Our carriages are not the only ones standing. There is another group of enchanted carriages parked, with human and orc drivers and the real beasts pulling them.
I was watching everyone getting out of their carriages when the black carriages with undead horses turned left.
“Gentlemen, please,” said the Orc, who was talking to Viscount Atre. I have seen him beside the Lich earlier, who seemed to have disappeared.
He motioned toward the new carriages; it is clear; we are changing the carriages. I wonder why we didn’t use the black ones to reach Jalrux City since it is not far. I could see its outline from where I am standing.
“Silver, ride with me,” said Viscount Are, when I was about to enter a white carriage with Ethan.
His invitation surprised me. I may have fought alongside the Viscount in the dungeon, but I had barely spoken a few words to him.
“It would be my honor, my lord,” I said to him, walking toward the red carriage, which was bigger and better than the other three.
I walked inside and sat in front of him. Feeling nervous and a little awkward.
This man is powerful, not only by levels but also by station. He is from a noble house, which is strongest, but not weakest, either. Most importantly, he is one of the people closest to the fourth prince.
A strong contender for the throne.
“You are quite surprising, Silver. You can fight like a prodigy and, from what I heard, is quite knowledgeable in law and policy.”
“These are not the qualities seen in the merchant,” he said, with a small smile on his face.
It sounds like a normal statement, but it is something more. I should be careful in answering it.
“It all thanks to my late father. He had given me the freedom to pursue anything I had wanted,” I replied. It is a truth. He may not like what I am learning, but he never stopped me from perusing it.
“You should feel grateful for it; not many people get such freedom,” he said and his eyes became unfocused for a moment.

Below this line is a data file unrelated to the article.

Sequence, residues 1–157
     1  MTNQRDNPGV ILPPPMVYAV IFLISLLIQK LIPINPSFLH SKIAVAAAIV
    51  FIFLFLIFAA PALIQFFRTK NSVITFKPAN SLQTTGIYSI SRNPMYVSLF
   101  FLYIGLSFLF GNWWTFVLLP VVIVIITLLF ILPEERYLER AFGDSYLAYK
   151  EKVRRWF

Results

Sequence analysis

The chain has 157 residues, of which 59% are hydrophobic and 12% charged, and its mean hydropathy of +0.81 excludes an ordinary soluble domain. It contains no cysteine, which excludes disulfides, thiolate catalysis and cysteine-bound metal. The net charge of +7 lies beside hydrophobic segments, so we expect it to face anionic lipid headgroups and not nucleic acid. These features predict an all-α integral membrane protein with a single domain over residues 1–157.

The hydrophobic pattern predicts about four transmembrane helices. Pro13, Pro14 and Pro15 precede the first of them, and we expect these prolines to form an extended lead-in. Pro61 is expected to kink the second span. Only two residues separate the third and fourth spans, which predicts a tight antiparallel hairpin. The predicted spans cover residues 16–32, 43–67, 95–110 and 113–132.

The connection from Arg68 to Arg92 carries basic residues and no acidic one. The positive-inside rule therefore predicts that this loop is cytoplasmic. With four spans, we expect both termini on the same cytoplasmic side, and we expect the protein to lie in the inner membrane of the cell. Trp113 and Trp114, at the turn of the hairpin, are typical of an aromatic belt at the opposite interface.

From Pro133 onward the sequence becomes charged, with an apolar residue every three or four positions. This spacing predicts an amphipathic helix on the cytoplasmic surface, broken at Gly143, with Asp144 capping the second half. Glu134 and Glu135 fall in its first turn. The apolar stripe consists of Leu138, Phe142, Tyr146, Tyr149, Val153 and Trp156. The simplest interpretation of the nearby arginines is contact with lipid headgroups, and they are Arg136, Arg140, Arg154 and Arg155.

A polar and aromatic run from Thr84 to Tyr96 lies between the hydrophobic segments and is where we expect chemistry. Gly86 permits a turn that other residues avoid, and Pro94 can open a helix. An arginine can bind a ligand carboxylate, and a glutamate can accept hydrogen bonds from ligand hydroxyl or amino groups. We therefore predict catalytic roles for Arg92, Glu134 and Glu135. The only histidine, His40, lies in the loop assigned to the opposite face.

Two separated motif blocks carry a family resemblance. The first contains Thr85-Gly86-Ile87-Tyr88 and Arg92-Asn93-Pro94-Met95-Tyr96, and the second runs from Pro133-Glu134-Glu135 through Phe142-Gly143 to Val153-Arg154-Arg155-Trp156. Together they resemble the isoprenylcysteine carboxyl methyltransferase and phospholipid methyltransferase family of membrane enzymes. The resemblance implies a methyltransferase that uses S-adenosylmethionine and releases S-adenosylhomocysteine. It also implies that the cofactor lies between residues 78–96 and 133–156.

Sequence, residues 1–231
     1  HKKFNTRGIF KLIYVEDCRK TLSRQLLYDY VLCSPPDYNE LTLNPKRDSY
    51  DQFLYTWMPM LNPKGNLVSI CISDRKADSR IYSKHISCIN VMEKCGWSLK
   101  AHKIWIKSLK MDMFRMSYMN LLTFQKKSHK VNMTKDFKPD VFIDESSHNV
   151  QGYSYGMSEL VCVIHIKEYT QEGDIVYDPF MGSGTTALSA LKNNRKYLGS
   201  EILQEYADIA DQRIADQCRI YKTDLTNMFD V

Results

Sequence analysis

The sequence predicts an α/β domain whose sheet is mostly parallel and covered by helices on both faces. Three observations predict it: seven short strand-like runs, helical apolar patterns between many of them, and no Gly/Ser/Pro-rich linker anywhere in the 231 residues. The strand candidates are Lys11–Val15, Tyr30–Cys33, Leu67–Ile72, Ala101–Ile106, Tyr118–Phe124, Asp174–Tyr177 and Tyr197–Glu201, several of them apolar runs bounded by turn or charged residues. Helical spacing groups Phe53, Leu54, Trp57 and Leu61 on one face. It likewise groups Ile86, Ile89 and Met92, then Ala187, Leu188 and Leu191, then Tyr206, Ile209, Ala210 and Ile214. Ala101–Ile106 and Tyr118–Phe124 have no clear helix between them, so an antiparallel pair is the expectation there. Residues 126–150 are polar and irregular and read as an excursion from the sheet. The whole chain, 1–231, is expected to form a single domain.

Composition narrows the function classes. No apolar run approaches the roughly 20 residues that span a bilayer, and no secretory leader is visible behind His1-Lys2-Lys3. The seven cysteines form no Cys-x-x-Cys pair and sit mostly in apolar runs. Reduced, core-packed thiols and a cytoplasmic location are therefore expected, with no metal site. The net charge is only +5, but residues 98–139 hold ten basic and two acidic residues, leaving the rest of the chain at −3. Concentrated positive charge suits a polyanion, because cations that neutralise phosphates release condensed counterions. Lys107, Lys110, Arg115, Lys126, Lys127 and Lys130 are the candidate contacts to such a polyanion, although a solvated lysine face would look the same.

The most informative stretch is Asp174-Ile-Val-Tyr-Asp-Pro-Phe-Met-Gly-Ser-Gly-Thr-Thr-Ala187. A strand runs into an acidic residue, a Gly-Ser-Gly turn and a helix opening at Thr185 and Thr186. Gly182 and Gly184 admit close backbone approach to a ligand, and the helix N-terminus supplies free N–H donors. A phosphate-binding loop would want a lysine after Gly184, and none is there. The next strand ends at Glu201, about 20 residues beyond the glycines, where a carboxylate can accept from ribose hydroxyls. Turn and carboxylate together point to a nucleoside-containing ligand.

“I am,” I replied, with a lot more emotions in my voice than I like to.
For more than a minute, there was a silence. I wanted to speak twice, but no words seemed to have come out of my mouth.
“Count Darrow had praised you greatly. Especially your handling of the undead incident.” “I have seen cities riot and burn, with just a whisper of undead,” he said and shook his head as if remembering something nasty.
“Mind telling me how you did it?” he asked and this time, his gaze is serious.
“It was all control of information and narrative; we molded it according to our needs. Telling the people the truth, the way we wanted,” I replied. He nodded, but keep looking at me; it is clear that he wanted me to explain it in detail.
“When we first got the news, it…” I begin hiding nothing. There was nothing in the information that he does not know or have access to know.
He listened with no interruption. If I did not see his eyes closely following my explanation, I would have thought, he is sleeping with his eyes open. Some people do that, I even knew one person having a skill for that.
“Many mistakes have been made. If not for them, it would have gone even smoother.” I finished.
Yes, there have been mistakes. Some were truly idiotic ones, but thankfully, despite them, everything had worked great.
There was no riot or chaos and, most importantly, business returned as usual within a week.
“You have done great, better than most people. If not for you, Count Darrow would have been still busy in dealing to this day,” he said, and I smiled.
“If you don’t mind me asking, why did not apply for the imperial knights for which you were preparing? Seeing your talent, you have been able to get in,” he asked, and it couldn’t help but make me surprised.